Last September, not long before Sandy, New York State awarded grants for demonstration projects in three communities, intended to showcase the use of green infrastructure for flood control. The state previously put federal economic stimulus funds to use supporting green infrastructure planning efforts in several upstate regions. Over the last four years, New York has also directed tens of millions of dollars towards construction of green infrastructure projects, with a focus on reducing pollution from urban runoff.
With tens of billions of dollars in federal Sandy recovery money flowing to New York state, now is the time to super-charge these efforts across the state. For example, the state could direct substantial new funding to flood-prone areas for the creation of “green streets,” lined with trees and plants that absorb runoff. (To maximize benefits, the state should prioritize projects that are designed to optimize both flood mitigation and reduce polluted runoff. There’s no shortage of opportunities, as urban runoff is a leading cause of water pollution statewide.)
New York City is already making green streets a prominent part of its long-term plan to capture runoff and reduce sewage overflows. Many of these installations have been sited in locations with recurrent flooding issues, and Mayor Bloomberg’s post-Sandy resiliency plan pledged a new initiative to examine the wider use of green streets specifically for flood control.
Green street on Seagirt Blvd., Far Rockaway, Queens, NY (Photo: NYC Parks)
State and federal transportation funding can also make a major contribution to green streets efforts. New York could follow the lead of Tuscon, Arizona, for example, which recently adopted a policy to design all new roadway projects as green streets. That means investments in streets will also become investments in green infrastructure.
- In coastal areas, advance implementation of “natural barriers” (such as wetland restoration, dunes, oyster reefs, and sea grass) to protect communities from storm surges and seal level rise.
As we learned all too well in Sandy, coastal development is extremely vulnerable to flooding from storm surge. Nature has a way of guarding against these risks: natural features such as tidal marshes, dunes, oyster reefs, and sea grass act as shock absorbers against pounding waves and absorb or block flood waters.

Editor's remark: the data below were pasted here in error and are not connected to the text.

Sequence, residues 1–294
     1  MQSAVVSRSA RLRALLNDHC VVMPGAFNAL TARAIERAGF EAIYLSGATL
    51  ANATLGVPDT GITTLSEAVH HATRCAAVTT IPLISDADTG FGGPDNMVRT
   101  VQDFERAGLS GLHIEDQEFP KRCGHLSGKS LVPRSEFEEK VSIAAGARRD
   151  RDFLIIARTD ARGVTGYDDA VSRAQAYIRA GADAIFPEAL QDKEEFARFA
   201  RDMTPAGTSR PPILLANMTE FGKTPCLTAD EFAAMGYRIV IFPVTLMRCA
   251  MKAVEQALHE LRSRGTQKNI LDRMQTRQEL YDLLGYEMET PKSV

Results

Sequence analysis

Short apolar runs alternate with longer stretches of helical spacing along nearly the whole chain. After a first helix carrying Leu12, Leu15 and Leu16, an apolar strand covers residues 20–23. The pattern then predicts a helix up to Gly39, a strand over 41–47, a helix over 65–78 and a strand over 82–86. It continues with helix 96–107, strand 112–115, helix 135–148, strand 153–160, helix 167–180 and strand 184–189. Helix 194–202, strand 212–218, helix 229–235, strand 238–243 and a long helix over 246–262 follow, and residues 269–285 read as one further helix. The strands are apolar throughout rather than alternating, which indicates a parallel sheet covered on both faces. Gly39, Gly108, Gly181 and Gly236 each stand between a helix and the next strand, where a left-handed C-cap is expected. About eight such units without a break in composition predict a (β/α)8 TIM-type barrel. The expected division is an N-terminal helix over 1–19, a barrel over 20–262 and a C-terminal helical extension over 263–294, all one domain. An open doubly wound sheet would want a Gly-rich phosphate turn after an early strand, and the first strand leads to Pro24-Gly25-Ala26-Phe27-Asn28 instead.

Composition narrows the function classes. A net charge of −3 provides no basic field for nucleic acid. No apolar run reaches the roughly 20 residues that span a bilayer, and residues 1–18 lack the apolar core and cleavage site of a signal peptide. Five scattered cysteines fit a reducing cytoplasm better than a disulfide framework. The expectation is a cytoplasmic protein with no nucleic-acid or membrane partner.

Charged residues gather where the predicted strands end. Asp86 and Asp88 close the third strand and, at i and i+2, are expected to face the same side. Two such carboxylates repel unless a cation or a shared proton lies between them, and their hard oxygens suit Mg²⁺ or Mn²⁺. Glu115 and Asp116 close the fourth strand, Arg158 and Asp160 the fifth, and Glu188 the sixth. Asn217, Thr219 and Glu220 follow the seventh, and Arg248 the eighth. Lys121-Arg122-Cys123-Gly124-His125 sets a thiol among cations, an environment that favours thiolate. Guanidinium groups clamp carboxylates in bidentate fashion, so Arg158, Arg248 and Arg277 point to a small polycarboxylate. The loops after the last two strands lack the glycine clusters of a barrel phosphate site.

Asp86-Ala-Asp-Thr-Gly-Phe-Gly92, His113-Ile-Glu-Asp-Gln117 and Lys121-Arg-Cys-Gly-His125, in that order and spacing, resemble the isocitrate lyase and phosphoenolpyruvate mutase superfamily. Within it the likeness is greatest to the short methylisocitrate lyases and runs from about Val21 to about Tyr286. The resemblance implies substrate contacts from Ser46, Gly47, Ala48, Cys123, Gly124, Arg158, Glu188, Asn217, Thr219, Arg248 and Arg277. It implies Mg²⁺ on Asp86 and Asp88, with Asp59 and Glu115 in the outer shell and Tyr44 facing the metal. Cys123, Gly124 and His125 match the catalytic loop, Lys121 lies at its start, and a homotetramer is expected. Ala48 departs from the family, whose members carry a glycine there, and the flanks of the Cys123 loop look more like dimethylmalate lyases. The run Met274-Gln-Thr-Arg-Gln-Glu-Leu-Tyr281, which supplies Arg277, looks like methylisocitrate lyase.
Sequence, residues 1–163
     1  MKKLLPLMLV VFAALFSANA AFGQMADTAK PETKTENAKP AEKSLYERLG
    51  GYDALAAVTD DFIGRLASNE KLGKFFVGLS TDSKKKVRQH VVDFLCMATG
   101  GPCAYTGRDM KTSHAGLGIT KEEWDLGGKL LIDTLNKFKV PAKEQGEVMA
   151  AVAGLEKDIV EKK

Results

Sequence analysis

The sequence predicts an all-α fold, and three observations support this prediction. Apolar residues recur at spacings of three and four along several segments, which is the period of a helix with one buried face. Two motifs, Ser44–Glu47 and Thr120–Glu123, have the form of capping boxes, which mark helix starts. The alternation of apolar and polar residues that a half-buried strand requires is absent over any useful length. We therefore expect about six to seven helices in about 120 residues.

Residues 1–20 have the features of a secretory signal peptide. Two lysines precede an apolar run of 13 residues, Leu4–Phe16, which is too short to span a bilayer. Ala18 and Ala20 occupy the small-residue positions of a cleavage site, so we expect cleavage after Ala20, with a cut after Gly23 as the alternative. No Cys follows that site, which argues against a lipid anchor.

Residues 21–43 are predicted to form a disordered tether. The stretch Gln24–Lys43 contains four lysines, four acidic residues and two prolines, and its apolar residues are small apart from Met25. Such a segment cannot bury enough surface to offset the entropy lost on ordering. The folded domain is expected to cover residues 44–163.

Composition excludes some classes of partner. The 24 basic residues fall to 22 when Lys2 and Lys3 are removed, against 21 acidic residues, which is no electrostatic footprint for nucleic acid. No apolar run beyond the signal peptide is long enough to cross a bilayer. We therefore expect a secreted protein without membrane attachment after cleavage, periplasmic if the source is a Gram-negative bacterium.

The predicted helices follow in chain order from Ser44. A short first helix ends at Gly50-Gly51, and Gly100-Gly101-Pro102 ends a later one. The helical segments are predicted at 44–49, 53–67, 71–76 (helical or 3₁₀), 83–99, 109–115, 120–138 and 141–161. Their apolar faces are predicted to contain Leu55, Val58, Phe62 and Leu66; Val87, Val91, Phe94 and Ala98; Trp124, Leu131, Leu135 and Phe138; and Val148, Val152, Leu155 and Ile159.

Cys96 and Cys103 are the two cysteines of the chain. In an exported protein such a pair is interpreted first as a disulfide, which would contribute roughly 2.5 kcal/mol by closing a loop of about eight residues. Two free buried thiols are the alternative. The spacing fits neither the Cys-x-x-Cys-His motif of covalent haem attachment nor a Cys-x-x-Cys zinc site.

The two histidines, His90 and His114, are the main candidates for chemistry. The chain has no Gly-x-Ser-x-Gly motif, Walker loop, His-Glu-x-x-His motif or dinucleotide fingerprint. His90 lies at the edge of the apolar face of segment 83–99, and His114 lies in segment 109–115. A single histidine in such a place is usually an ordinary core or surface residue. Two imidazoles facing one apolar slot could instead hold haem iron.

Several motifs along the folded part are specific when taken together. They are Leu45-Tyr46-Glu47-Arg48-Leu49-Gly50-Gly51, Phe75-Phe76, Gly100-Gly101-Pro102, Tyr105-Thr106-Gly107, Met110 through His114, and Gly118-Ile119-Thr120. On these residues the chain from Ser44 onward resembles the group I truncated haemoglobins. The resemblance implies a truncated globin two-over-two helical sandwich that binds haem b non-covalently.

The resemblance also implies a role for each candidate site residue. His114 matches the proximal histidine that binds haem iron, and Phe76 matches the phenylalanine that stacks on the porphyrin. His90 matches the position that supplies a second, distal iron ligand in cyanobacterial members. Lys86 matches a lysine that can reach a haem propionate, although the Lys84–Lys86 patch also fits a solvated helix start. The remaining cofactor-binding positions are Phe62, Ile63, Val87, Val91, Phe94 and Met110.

Famously, Long Beach, NY, which had refused to build dunes years ago, bore the brunt of Sandy, while neighboring towns in Long Island escaped with much less damage.
In New York City, Jamaica Bay’s disappearing marshes provide a critically important buffer for the southern shorelines of Brooklyn and Queens – if they can be preserved and restored.
Jamaica Bay marshes with NYC skyline in background (Photo: Larry Levine)
Money is starting to flow to such projects. New York State recently announced about $650,000 of funding for a Jamaica Bay marsh restoration project aimed at increasing resiliency to climate change. New York City, the federal government, and academic institutions are collaborating on a new urban climate resiliency institute focused on Jamaica Bay. And a settlement between NRDC and New York City is directing $15 million to marsh restoration in the bay from 2011-2014. But much more resources are needed.
Congress has tasked the Corps of Engineers with conducting a post-Sandy evaluation of coastal storm protections. Although the Corps has said it will examine natural barriers as part of its study, the Corps has a long history of favoring hard infrastructure that works against, rather than with, nature. We’ll be watching closely to see how the Corps recommends that Congress spend future taxpayer dollars.